Posters spread throughout campus to protest Donald Trump’s presidency

#NotMyPresidentLafayette posters outside of South College residence hall. (Claire Grunewald ’20)

As families of prospective students poured onto campus Friday, they were not only greeted by tour guides, but also with roughly 300 posters covering campus protesting Donald Trump winning the presidency.

These posters were put up by members of the Lafayette community who are a part of the Facebook group #NotMyPresidentLafayette started by Ryan Cerbone ‘17. According to Cerbone, the group was started with only a few people, but blew up fast.

“I was talking with a couple of my friends after the discussion on campus [Wednesday], and I had really good conversation, […] but a lot of us just felt like we talked and then there wasn’t going to be anything,” Cerbone said. “I made a Facebook group with a couple people who I thought would be interested, and then I went to lecture and when I came back there were like 350 people in the group.”

Lafayette College is not the first to see protests after the election results came in. New York City, Chicago, Boston and Philadelphia are only some of the cities where people are voicing dissent against the president-elect.

The posters were Cerbone’s idea, and he made them to get attention of the Lafayette community and families during the admissions event.

“I started the group with the idea that we would hang posters around campus just to not only raise awareness, but also [it] is an open house for admissions, and I feel like just because we didn’t get a strong vibe from administration that they’re going to push the inclusivity vibe, that we should do that by showing people that we are a politically active campus,” Cerbone said.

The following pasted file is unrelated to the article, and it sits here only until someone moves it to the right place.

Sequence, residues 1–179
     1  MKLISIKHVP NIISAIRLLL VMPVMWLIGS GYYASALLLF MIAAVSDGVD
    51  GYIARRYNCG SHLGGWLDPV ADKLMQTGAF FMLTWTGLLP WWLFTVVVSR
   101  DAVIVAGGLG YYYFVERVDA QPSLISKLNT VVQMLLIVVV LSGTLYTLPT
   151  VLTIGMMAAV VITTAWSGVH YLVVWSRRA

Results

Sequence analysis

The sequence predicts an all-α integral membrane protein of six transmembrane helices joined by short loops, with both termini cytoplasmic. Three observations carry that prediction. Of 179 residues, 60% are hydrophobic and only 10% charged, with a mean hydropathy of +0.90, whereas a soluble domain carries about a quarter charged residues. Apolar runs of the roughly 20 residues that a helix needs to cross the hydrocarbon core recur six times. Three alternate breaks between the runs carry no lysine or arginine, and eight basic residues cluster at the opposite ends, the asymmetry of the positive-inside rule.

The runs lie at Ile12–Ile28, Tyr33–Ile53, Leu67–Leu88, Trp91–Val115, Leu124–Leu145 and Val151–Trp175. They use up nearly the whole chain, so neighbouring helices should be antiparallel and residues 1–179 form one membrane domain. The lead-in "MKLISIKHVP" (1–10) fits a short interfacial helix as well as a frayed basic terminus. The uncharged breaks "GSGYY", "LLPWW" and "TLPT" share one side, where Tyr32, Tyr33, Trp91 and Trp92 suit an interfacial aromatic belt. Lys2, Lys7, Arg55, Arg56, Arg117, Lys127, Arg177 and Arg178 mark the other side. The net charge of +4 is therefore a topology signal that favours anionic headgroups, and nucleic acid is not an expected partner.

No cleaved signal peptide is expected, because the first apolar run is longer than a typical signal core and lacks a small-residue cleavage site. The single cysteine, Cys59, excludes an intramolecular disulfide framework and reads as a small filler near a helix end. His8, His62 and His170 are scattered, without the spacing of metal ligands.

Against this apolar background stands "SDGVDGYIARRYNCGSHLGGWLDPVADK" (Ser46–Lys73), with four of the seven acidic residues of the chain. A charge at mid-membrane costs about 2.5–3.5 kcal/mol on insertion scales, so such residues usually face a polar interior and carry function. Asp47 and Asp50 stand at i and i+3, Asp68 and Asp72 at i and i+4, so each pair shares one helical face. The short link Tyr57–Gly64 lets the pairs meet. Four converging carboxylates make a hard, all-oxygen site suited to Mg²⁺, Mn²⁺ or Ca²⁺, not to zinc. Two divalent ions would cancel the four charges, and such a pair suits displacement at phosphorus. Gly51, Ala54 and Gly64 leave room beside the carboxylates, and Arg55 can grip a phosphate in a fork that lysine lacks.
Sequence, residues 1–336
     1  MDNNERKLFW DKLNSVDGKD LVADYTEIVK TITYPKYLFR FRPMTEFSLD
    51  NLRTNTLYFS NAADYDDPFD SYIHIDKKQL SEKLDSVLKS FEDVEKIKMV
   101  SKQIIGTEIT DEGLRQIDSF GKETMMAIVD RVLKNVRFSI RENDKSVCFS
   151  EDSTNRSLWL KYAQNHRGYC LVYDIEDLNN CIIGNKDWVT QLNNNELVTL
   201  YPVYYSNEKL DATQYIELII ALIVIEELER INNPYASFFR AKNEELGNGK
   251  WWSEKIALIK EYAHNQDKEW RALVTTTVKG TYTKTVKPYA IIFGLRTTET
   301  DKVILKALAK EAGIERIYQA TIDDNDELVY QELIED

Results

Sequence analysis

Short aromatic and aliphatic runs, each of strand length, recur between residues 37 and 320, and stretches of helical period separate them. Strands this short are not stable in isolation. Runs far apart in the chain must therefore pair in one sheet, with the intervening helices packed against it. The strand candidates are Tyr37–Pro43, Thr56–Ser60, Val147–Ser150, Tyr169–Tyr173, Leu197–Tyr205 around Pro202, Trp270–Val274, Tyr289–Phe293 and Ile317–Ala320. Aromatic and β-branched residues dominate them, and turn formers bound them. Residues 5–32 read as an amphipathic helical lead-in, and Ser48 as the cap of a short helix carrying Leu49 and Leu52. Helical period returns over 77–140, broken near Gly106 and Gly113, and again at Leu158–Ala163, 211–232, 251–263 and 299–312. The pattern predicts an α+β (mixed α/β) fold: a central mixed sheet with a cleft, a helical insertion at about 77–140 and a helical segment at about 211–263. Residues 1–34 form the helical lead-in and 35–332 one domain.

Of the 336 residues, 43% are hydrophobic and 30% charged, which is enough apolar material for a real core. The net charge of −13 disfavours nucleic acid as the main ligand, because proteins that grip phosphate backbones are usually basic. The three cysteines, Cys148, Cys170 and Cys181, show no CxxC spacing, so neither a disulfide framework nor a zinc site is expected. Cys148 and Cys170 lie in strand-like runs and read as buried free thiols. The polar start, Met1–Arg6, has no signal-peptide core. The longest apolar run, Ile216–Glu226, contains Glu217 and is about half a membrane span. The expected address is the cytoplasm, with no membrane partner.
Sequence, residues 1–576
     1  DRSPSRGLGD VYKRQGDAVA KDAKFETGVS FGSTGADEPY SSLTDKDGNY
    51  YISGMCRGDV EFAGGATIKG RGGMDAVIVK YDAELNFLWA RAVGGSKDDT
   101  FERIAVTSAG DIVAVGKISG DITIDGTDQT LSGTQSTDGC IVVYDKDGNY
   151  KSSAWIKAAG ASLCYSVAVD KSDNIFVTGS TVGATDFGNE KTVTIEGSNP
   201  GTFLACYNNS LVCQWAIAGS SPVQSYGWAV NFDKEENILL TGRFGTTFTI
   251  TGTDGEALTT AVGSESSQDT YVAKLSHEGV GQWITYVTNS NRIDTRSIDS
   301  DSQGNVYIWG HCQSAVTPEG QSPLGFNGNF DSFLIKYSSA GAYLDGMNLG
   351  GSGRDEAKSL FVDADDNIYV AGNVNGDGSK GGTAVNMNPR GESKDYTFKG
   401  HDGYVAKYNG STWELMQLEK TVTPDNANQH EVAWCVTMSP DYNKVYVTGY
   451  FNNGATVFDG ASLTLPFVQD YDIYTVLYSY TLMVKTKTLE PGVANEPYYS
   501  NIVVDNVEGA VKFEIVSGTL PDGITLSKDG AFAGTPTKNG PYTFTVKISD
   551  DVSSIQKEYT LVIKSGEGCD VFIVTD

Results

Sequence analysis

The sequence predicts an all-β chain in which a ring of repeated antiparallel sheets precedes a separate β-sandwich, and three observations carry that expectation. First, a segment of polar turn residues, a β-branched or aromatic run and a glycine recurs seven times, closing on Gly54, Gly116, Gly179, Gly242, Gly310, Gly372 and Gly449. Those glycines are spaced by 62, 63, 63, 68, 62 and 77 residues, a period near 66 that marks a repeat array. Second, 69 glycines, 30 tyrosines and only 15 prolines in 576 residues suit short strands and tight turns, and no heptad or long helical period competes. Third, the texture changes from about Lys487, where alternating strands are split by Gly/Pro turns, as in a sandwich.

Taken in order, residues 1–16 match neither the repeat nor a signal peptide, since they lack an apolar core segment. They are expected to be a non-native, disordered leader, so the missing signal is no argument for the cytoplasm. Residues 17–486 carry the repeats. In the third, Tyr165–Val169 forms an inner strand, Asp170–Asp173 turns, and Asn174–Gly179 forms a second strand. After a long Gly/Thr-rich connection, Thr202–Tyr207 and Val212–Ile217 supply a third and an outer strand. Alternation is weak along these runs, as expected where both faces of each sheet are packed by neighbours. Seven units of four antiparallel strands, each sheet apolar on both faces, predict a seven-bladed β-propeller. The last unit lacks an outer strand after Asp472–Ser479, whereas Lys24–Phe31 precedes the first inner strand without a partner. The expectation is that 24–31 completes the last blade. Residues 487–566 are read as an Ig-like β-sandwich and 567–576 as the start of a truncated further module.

Dean of Admissions Matt Hyde did not respond for comment by press time.

According to Cerbone, around 80 people expressed interest in helping with the posters, but the group was limited to 50 to ensure efficiency and to draw as little attention as possible.

The posters were only hung on the outside of buildings, and were restricted to academic buildings and public areas only.

Cerbone also encouraged group members to print out posters to hang up all of Friday and to replace any posters that were torn down. During the day Friday is also when the group planned to put their posters inside residence halls.

Originally, the group was started with just the intention of hanging posters around campus. However, according to Cerbone, many people with several other ideas and opinions have started to plan their own events.

“Now that the group has blown up to the degree that it has a lot of people have ideas of things they can do and it seems that group is going to be a big resource for the anti-Trump rhetoric,” Cerbone said.

For him, this kind of activism means expressing concern and distrust for a president he said he feels doesn’t represent him.

“When I say that he is not my president, I fully recognize that he is the President-Elect of the U.S., and I am not rejecting his candidacy,” Cerbone said. “It’s just, as someone in a minority group, I don’t feel that he is my president. I don’t feel that I will be represented, and I feel like a people who are coming don’t feel like they are represented by Trump presidency.”

1 comments

Both Clinton and Trump were under clouds concerning presidential qualifications. This was a most difficult election in whiuch to cast a vote. As the polls closed, it appeared that the Clinton campaign had erred tactically and did not have good political analytics. ABC News reported this event in detail. In the first 24 hours after the election, both the New York Times and the Washington Post reported how Clinton lost the election.

The vote was about Character and content of the next presidential administration. It was not an indictment of Mrs. Clinton’s background but of recent signals of her character. The people of the central states and of the countryside of Pennsylvania do not want a person who does not care about them and who is untruthful.

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